Tier 1 Investor Visa – a Chinese success story

Growth in the Chinese economy has often been a subject of discussion among economists but research earlier this year proved that the impact of this new found Chinese wealth is definitely real.

There are many reasons for settling in the United Kingdom, not least its rule of law and first class education system. However, supply of services alone rarely drives the demand. Nowhere illustrates this relationship better than China. The Chinese are spending billions on new passports and visas to move their families away from their homeland as new middle and upper class families demand better schools, cleaner air and a more secure life for their children.  As China gets wealthier, millions of families have the means to purchase a new life elsewhere.

It’s estimated that their demand alone has transformed a once obscure market for immigration by investment. The  Associated Press collected statistics from 13 countries that offer citizenship or permanent residency for a price in order to better understand how China has changed the global investor migration market. The data was published in May of this year when the currency exchange rates were applicable for that time.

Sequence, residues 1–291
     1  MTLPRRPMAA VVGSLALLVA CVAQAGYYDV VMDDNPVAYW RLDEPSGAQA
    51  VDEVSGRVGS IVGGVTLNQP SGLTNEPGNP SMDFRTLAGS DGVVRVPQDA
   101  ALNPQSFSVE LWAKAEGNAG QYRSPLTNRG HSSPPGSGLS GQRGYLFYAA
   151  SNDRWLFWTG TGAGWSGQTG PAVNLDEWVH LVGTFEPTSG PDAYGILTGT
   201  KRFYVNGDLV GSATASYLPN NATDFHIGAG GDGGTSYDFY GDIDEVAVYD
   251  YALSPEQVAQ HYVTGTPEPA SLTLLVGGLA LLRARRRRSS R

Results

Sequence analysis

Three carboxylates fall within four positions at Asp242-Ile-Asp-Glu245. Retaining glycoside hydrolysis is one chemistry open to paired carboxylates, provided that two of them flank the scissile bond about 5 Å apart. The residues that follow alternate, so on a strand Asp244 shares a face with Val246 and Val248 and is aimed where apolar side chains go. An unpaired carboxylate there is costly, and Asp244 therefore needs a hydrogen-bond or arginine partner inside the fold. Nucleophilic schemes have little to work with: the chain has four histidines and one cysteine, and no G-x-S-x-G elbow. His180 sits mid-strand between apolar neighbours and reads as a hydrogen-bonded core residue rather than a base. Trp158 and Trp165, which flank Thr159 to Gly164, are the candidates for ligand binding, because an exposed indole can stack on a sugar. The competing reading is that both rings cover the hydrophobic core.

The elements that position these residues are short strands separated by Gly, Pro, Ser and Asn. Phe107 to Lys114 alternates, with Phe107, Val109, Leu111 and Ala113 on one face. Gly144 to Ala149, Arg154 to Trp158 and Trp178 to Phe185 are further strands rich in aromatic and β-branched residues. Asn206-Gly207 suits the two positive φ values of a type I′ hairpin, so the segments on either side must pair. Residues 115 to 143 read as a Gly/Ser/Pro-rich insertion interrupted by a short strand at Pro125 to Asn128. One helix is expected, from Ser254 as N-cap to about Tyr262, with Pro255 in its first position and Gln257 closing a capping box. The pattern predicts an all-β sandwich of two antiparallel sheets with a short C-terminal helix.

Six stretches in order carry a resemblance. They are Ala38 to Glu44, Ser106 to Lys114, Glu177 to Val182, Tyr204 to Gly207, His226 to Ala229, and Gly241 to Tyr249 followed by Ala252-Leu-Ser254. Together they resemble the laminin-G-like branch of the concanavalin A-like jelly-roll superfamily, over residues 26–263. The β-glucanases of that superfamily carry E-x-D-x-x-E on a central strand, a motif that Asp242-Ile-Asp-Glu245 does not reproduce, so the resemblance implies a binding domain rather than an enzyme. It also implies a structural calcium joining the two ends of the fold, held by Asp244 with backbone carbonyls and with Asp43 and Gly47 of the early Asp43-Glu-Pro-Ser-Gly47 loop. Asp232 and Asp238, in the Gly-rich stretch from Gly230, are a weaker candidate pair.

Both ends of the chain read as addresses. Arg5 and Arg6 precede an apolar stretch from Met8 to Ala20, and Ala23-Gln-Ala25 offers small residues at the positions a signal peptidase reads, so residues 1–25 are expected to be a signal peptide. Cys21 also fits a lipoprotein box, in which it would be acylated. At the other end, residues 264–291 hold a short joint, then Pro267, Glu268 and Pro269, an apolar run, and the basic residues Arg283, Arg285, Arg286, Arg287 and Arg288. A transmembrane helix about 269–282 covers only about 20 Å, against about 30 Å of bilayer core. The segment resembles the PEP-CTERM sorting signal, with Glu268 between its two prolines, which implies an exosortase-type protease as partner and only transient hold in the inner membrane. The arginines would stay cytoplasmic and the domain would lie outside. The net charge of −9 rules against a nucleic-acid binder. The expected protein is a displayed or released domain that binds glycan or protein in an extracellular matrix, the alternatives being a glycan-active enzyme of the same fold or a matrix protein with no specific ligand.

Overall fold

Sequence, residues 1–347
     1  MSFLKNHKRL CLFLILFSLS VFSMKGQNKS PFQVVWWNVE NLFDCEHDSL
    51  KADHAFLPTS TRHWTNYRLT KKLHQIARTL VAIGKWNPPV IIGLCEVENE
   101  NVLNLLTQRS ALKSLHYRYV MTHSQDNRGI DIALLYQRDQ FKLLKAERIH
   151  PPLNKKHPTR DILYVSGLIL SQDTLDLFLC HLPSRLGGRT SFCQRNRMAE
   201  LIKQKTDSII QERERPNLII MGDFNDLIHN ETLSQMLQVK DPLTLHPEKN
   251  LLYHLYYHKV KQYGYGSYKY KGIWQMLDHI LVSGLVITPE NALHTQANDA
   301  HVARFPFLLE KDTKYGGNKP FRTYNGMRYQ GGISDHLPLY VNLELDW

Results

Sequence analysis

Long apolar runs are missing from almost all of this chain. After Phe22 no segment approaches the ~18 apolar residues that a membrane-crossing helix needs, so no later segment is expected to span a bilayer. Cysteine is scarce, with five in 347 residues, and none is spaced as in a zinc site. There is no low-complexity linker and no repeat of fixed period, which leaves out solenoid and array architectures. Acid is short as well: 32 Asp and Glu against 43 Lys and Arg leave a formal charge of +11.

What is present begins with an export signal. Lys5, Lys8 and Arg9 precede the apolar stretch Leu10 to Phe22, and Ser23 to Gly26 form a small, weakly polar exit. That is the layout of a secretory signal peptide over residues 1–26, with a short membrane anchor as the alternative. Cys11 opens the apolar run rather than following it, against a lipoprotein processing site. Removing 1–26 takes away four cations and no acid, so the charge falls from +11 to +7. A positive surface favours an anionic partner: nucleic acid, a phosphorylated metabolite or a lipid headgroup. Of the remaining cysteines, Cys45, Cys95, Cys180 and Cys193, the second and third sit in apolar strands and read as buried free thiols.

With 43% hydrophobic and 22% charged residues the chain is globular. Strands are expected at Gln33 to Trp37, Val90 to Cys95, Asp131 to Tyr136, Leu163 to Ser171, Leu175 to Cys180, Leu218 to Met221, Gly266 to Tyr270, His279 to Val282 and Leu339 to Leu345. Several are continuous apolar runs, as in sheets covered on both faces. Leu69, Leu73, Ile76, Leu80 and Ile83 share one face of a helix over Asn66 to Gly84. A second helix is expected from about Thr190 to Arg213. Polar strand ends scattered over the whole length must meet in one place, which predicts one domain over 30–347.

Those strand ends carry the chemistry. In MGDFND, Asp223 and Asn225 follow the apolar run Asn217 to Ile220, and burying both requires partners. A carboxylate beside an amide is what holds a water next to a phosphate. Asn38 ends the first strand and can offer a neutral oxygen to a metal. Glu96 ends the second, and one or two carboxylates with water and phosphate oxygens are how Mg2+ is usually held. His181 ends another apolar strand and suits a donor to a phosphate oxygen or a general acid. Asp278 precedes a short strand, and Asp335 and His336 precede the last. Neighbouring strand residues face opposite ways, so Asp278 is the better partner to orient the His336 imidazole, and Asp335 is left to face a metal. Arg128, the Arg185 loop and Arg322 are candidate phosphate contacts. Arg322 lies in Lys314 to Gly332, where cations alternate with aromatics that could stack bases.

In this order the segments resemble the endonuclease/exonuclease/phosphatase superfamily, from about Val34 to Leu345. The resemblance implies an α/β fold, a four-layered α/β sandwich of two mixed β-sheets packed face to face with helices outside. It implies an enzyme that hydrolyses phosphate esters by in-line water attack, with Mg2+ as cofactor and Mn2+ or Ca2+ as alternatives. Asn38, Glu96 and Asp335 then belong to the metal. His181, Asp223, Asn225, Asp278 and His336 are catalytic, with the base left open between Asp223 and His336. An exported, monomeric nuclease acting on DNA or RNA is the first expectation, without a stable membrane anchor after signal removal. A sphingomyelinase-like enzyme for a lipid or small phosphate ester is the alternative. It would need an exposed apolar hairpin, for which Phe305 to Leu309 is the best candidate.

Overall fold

The AP estimated how much Chinese families have invested at a minimum in foreign countries for a visa or passport. The AP multiplied the number of investors, excluding family members, by the minimum investment level for each year, in each program for the last decade. In some cases, the AP estimated the number of investors with the help of government data or experts on investment migration.

The figures were startling and, while by no means can be wholly accurate, they shine a light on the demand citing $1.96 billion of investment into the UK alone through its Tier 1 investor program.

Consulting firms in China’s biggest cities sell investor visa programs in weekly sessions at hotels and on social media. The market leader is, unsurprisingly,  the United States, as urban Chinese are widely familiar with American schools and culture.

Going forward things may change but the supply of emigrating families  from China is unlikely to cease anytime soon.